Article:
Photo by Lincoln Wheeler.

A Day in Echo Park: A Tale of Decadent Pizza, Obscure Books and Crumbling Historic Homes

Last updated:

“The buildings that line these roads are so familiar that when an aging complex gets a new coat of paint I feel momentarily dizzy — as if the world has been shaken for an instant. So how was this street, with structures dating back to the late 19th century, unknown to me after so many years of living here?”

A flâneur takes to the streets, uncovering surprises — both modest and startling — on walks through a city that’s reinventing itself around every corner.

In a city the size of Los Angeles, food trends wash up with a kind of regularity that sees the poke spot of yesterday replaced by the hot chicken place of today as rumors begin to mill about a birria place coming soon. Some of these eateries will rise above the rest and remain fixtures in the local culinary landscape, but there are points in the development of foodie trends where you can see the boat on which they float begin to list, and suddenly you know that there are simply too many hot chicken options for each to survive.

As universally loved as hot chicken has become, it might have been better off had it not seen quite so many purveyors jump in with their own secret recipes. What is it then, that allows a few cuisines to consistently come forward with new takes and never succumb to the dangers of an overcrowded market? I offer you a case study: pizza.

On Portia Street, just off Sunset Boulevard, in a space that used to house the sandwich shop Trencher, Quarter Sheets Pizza Club recently launched its brick-and-mortar existence. It’s a little tentative here at the start, as omicron keeps diners on the sidewalk, eating on waist-high tables, not lingering any longer than an Italian would when downing a cup of espresso.

A squared-off, Detroit-style slice of pizza from Quarter Sheets Pizza Club. Photo by Lincoln Wheeler.

The menu is a little unconventional for a casual pizza spot, offering wine by the glass to accompany your slice, as well as cakes ranging from princess to chocolate cream. But let’s focus on the main event, a slice they call “Red Top” embodying simplicity itself, made with mozzarella, red sauce, Grana Padano and basil.

One might argue this squared-off slice luring you with its heft is a Detroit-style pizza. I would suggest Quarter Sheets has come up with a crust that is less pizza than focaccia, as my teeth shatter the brittle crust at the edges to find a deeply satisfying chew closer to the center of the slice. Of course, this would be an exercise in bread appreciation were it not for these core pizza ingredients combining into something I had an almost primal appreciation for.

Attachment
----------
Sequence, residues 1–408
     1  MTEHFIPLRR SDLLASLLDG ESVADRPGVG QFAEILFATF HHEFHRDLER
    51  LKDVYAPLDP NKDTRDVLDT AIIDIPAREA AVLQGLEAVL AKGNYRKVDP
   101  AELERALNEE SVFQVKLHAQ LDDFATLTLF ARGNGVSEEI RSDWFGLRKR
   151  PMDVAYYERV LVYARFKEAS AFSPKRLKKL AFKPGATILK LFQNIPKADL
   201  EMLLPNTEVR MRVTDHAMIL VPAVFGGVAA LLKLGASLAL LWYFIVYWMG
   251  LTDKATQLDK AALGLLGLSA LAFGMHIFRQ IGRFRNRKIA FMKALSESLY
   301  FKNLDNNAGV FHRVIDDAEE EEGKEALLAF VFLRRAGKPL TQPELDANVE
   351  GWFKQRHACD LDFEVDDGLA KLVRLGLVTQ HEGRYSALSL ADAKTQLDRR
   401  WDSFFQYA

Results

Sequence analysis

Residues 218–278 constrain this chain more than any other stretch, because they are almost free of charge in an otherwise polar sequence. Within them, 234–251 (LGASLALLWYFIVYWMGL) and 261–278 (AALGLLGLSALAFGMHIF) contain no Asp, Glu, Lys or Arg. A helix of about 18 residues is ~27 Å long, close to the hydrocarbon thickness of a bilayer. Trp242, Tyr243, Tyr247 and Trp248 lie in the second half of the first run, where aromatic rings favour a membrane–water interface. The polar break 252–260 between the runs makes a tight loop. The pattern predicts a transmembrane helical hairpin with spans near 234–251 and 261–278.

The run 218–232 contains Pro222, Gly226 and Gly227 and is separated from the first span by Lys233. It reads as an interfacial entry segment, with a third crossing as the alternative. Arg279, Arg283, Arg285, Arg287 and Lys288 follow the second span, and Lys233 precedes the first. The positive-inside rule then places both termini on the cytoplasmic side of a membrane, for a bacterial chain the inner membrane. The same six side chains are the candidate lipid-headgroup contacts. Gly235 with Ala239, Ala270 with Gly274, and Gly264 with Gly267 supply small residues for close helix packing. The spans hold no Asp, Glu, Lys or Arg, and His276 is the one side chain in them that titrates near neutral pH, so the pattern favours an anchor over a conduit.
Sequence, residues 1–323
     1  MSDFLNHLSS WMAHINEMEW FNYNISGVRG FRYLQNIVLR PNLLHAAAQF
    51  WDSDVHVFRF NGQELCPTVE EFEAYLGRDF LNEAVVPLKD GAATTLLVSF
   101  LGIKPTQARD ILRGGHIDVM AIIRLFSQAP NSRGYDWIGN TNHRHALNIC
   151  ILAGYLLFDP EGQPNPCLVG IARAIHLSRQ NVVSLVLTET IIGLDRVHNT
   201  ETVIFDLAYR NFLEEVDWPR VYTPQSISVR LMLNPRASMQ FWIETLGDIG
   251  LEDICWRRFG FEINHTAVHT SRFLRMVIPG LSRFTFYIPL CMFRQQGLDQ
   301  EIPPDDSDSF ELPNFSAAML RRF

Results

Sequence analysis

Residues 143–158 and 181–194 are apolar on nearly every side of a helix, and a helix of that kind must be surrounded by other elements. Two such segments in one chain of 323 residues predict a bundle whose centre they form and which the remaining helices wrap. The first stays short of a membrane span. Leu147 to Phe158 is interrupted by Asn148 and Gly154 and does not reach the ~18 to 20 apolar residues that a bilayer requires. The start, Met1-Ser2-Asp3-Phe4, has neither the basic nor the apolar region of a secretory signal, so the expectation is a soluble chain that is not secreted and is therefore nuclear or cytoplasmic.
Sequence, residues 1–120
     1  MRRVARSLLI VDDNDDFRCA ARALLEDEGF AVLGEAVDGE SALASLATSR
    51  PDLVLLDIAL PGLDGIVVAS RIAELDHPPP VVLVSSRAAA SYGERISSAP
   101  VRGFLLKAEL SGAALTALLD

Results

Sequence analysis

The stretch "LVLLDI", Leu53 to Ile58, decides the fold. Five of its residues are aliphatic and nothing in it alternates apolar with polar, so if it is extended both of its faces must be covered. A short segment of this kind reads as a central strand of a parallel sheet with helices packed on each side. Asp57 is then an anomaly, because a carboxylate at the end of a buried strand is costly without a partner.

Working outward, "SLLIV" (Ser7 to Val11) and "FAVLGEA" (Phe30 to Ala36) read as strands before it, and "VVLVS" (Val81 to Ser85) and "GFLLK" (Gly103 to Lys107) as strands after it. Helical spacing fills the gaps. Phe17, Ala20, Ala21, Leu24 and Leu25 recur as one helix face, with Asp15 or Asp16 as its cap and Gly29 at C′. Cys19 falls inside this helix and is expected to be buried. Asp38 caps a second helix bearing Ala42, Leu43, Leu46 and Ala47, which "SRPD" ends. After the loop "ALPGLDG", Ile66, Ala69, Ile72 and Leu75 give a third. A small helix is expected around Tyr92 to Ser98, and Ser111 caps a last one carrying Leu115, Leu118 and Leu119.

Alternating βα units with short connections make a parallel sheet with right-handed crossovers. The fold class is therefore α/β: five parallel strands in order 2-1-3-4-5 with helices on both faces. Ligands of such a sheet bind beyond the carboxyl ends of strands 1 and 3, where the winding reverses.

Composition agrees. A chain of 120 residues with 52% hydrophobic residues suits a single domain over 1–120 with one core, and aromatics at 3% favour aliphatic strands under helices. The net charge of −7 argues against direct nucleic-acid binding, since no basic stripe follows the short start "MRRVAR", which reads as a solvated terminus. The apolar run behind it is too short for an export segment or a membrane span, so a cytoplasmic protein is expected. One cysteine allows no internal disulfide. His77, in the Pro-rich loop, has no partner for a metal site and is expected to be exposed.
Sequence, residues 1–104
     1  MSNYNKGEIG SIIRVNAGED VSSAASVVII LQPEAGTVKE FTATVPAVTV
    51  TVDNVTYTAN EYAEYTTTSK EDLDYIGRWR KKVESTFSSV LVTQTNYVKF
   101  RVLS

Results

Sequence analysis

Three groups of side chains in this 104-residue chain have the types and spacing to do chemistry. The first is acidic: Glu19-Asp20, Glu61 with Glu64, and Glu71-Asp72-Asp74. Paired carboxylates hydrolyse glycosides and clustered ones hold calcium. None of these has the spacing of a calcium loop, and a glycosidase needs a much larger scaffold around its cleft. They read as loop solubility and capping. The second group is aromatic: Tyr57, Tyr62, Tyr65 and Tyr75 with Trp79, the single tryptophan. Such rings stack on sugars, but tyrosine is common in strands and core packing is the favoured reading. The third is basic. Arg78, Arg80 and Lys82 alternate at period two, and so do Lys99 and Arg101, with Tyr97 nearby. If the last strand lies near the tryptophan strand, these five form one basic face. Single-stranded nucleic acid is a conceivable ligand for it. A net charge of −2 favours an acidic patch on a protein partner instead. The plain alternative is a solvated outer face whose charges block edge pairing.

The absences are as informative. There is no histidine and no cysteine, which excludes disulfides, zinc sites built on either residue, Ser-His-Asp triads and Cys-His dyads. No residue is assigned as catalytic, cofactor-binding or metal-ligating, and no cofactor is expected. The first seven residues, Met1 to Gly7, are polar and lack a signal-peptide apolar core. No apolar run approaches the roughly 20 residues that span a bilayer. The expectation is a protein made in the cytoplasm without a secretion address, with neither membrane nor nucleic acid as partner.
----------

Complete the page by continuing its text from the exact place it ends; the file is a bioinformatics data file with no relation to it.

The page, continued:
Was it wrong of me to order another slice five minutes after finishing the first? I don’t think so. Standing on the corner, looking out at the traffic on Sunset, I wondered if I needed to look into an apartment up the street.

I joined the easterly flow on Sunset and left Echo Park, heading toward the Music Center’s plaza, where I drank in the details of iconic buildings nearby: the louvered glass panels on the north side of the Cathedral of Our Lady of the Angels, the perennial modernity of the Walt Disney Concert Hall and, of course, City Hall’s pyramid-capped tower, its reassuring familiarity like an old friend whose face still reveals the child you once knew. From here you can better appreciate the crazy-quilt makeup of downtown Los Angeles. Not wanting to retrace my steps along Sunset, I headed west on 1st Street before cutting north, up Beaudry Avenue to Temple Street, then crossed over the 101 at Edgeware Road. Just two blocks away from the 101, on an upward climb, I came across a sign announcing my arrival at Carroll Avenue and the highest concentration of Victorian-era residences in Los Angeles.

One of the homes near Carroll Avenue, the site of the highest concentration of Victorian-era residences in Los Angeles. Photo by Lincoln Wheeler.

I can’t count the number of times I’ve driven along Sunset Boulevard in Echo Park or merged from the Four Level onto the 101 going north and west toward Hollywood. The buildings that line these roads are so familiar that when an aging complex gets a new coat of paint I feel momentarily dizzy — as if the world has been shaken for an instant. So how was this street, with structures dating back to the late 19th century, unknown to me after so many years of living here?